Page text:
Rail Safety, Skateboards and Google

Written by David Nahass, Financial Editor
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FINANCIAL EDGE, RAILWAY AGE SEPTEMBER 2019 ISSUE: On Aug. 14, the ESPN show ¿Highly Questionable? showed a video clip of a skateboarder sliding underneath a moving passenger locomotive, riding the rail on the skateboard and then sliding back out from underneath the train before the second wheelset (1). (The clip can be seen starting at about 16:30 into the video.) The hosts were suitably shocked and aghast over the audacity of the act of sliding underneath a locomotive and unsurprisingly thoughtless about the carelessness of the rider.

The clip highlights the challenges faced by all railroads, freight and passenger, when it comes to maintaining safety on the rails.

There are roughly 137,000 miles of freight rail track in the U.S. alone. This does not include the passenger-only tracks and Canada and Mexico. Railroads do their best to prevent train hopping—a romanticized trope in children’s literature (Boxcar Kids), music (Boxcar Willie) and hobo culture. The sheer scale and number of track-miles make the task of policing the rails virtually impossible.

The ESPN broadcast roughly corresponded to the appearance of an article on Politico, “Tech Companies ignore pleas on rail safety” (2). The article highlighted the refusal of navigation apps such as Google Maps, Apple Maps and Windows Maps to include railroad crossings as areas of caution. The article noted that in 2016, the National Transportation Safety Board asked content providers to include grade crossings in their apps. NTSB’s actions followed a February 2015 accident where a fatigued truck driver confused the rail right-of-way with the road highlighted on his navigation app. The truck became lodged on the tracks. The subsequent collision between the truck and an Amtrak train caused one death and 32 injuries.

NTSB (3) communicated with the major content providers, and Google indicated it would add crossings to Google Maps. However, no changes were made, even though NTSB continued to make the request. Google indicated concern about overwhelming users and negatively impacting the user experience.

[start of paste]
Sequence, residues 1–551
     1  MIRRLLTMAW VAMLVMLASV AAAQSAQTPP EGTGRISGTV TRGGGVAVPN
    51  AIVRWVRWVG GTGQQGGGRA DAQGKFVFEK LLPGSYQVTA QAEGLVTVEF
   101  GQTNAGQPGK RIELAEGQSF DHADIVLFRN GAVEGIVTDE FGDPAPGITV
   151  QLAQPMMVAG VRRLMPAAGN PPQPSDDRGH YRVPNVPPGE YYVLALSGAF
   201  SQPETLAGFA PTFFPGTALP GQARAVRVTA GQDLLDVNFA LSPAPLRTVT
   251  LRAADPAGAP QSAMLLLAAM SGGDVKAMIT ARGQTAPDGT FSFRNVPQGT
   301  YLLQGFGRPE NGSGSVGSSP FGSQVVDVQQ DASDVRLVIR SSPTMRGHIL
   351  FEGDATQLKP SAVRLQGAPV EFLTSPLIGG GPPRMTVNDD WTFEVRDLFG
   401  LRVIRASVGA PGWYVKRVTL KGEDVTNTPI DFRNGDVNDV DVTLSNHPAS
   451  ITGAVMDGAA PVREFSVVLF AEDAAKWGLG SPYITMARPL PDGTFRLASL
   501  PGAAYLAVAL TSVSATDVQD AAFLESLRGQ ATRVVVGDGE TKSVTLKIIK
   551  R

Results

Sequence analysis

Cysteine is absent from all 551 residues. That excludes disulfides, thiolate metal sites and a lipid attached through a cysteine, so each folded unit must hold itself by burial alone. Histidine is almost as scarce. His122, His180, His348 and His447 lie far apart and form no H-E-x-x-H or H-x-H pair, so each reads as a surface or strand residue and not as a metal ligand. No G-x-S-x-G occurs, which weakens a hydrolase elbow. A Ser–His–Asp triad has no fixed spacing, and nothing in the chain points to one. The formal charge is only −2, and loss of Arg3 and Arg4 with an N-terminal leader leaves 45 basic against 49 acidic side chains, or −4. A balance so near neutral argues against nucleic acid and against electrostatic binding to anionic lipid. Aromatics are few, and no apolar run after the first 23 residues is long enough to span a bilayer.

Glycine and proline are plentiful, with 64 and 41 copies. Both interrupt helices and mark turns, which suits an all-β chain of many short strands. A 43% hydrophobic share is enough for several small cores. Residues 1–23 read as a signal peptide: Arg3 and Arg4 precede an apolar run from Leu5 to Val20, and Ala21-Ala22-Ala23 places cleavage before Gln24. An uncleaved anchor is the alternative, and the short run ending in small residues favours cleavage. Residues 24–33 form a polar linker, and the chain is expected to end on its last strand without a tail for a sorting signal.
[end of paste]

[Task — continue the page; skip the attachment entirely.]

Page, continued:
That’s ridiculous. The majority of Railway Age readers use navigation apps (on cellular devices and in vehicles) that inform users of police cruisers ahead, availability of gas stations and fast food, and the ubiquitous presence of traffic. It is a challenge to understand how the platform does not have the additional bandwidth to accommodate something so closely tied to the safety of individuals.

David Lester, Managing Editor of Railway Age sister publication Railway Track & Structures, told me that he has always been fascinated by the contrast of how drivers respond to school bus stops vs. railway grade crossings. In the former, red lights flash, stop signs go up and automobiles come to a dead stop. In the latter, even after years of attempted education and improvement, people still think running a crossing is acceptable behavior.

As the safety connection seems more tangible (especially to parents waiting by the school bus for its discharge of passengers), it is more likely for a police cruiser to be near a bus, or for an offender’s license plate to be passed to police. Who is going to jot down the license plate of a fool running a grade crossing and pass it to police? Which law enforcement will prioritize chasing down rail crossing scofflaws scattered around 137,000 miles of track?

Railroad safety is an economic issue. In 2018 in North America, there were 841 deaths that resulted from some type of railroad incident. This data is publicly available on the Federal Railroad Administration Office of Safety Analysis website (4). The fatality rate is roughly 7% of the total number of accidents that occur on the rails. These numbers include derailments, events at crossings, equipment failures, etc. and the plethora of events that occur when the general population decides that a train is a really big automobile and can stop on a dime.

Using the FRA’s data and in making some generalizations about the economic impact of accidents on the rails, roughly 600 of 2018’s 11,611 accidents caused damage in excess of $300 million. Add a more nominal amount to the accidents causing less than $100,000 in damage, and the economic cost is well over a half-billion dollars, never mind the lost productivity, the impact on rail customers due to shipment delays and passenger delays, and so on.

It would be a shame if the gap between idea and execution on this matter were solely tied to some type of requirement for a compensatory relationship between the navigation app providers and the railroads. One thing technology should be able to do with reasonable and consistent success is take care of the low-hanging fruits of the safety matrix for things that seem more than obvious. NTSB and FRA should reinstitute efforts to make this simple solution successful.

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